Beijing [China], June 17: Tech firm Ultra has created an Artificial Intelligence (AI) tool that it says helps analysts to identify products coming from China through Temu, a digital marketplace platform, which were built using forced labour, possibly from the Uyghur population.
Ram Ben Tzion, Founder and CEO of Ultra said, “We are looking at Temu from the perspective of the Forced Labour Prevention Act. How many things that we don’t want coming into the country using this method, right? The good cases are counterfeit. The worst cases are poor quality.”
“I am quite confident that illicit elements can find themselves going through this platform into the market, so it’s time to demand accountability,” he added.
Ben Tzion’s company designed a program Publican that brings in a huge amount of shipping data to analyse and keep a check on patterns and red flags for any products with potential fraud issues.
Tech firm Ultra discovered that the products on Temu would lead to non-indicative names and untraceable company information. After comparing the same product on its sister-platform Pinduoduo in China, the company noticed that those products came from Xinjiang, located at a distance of eight miles away from Ughyur Detention Centers or ‘Cultural Centers’, as they are euphemistically called.
Pinduoduo also allegedly bypasses users’ cellphone security to observe activities on other apps, check notifications, read private messages and change settings. “We have here a variety of products to show that this is not a one-off. My conclusion is that these products are possibly or very likely associated with or linked to shops either from Xinjiang or manufactured in Xinjiang, and that in itself is a violation of trade policies,” Ben Tzion said.
CEO of Ultra speculated that Temu could be an effort to bypass the Uyghur Forced Labor Prevention Act (UFLPA). The act establishes standards to refuse shipments of goods produced or manufactured wholly or partially in the Xinjiang Uyghur Autonomous Region in China.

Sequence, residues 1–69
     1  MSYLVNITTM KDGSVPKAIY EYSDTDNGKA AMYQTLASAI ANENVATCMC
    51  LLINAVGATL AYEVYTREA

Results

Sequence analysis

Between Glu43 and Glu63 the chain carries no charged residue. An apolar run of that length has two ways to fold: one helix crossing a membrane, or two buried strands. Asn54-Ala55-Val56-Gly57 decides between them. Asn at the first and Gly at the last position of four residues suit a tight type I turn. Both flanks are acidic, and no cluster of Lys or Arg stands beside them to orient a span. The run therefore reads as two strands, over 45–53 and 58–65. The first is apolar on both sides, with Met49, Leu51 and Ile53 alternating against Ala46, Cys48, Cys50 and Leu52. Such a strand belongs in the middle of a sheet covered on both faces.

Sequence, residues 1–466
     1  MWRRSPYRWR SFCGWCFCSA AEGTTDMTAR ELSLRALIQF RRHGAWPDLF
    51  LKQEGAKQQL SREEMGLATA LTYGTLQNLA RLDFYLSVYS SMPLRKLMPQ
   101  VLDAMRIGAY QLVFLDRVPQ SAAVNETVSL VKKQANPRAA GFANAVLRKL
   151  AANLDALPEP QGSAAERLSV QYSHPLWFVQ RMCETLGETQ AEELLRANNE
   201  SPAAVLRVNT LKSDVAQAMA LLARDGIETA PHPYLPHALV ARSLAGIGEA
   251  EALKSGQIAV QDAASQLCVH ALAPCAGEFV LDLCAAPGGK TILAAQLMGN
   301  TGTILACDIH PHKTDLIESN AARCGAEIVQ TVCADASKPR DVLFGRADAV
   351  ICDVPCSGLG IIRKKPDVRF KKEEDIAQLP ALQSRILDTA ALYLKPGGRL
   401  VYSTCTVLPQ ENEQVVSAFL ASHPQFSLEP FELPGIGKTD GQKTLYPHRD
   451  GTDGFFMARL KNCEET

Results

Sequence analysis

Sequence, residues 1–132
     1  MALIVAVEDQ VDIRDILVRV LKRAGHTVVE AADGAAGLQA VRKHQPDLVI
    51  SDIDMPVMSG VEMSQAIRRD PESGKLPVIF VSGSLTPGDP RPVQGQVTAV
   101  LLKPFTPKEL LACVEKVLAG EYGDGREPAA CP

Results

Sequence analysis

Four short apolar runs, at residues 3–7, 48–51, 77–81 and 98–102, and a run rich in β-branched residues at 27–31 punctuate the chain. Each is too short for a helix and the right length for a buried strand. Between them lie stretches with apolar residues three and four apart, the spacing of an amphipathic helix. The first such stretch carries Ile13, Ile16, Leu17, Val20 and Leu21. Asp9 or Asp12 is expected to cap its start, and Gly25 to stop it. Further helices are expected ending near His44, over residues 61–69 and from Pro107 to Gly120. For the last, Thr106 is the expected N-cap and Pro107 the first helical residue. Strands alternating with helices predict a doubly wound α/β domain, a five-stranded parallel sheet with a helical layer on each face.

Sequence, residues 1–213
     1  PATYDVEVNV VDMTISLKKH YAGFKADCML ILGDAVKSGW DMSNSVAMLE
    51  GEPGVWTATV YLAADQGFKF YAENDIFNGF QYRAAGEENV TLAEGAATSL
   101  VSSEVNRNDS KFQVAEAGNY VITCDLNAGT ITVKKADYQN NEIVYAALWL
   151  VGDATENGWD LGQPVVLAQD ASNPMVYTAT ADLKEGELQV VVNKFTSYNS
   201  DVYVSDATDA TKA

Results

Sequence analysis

As per reports, he identified Temu as a potential source of fraud after checking the prices for products and claimed it ‘doesn’t make sense.’
“I believe that if something is either too good to be true or too cheap to be available, there is a reason behind it,” Ben Tzion added. “I wanted to see if we would be able to utilize our technology to understand what’s happening here, and what was very visible at the get-go is this is something that was designed to hide the identity of products.”
“The bigger picture here, the bigger story here is … the fact that Temu is, by design, exploiting and undermining the U.S. trade policies and economy,” he emphasized that there is no mistake that “this is by design,” he said.
“It is always cheap,” he added. “Under de minimis, there are no duties or tax associates, therefore no inspection. Even using the international postage system is exploiting the U.S. economy … by design keeping products under tax and regulation thresholds,” Ben said.
Shipments under $800 would escape inspection, potentially allowing Chinese companies making direct-to-consumer sales to bypass the UFLPA. This loophole, known as de minimis, prompted lawmakers on the Congressional-Executive Commission on China to look into ways to crack down on such shipments. However, no such solution has yet arisen.
“This is why we have taken upon this task to bring it to the attention of both consumers and regulators that it is not a coincidence. It’s a strategy,” Ben Tzion added.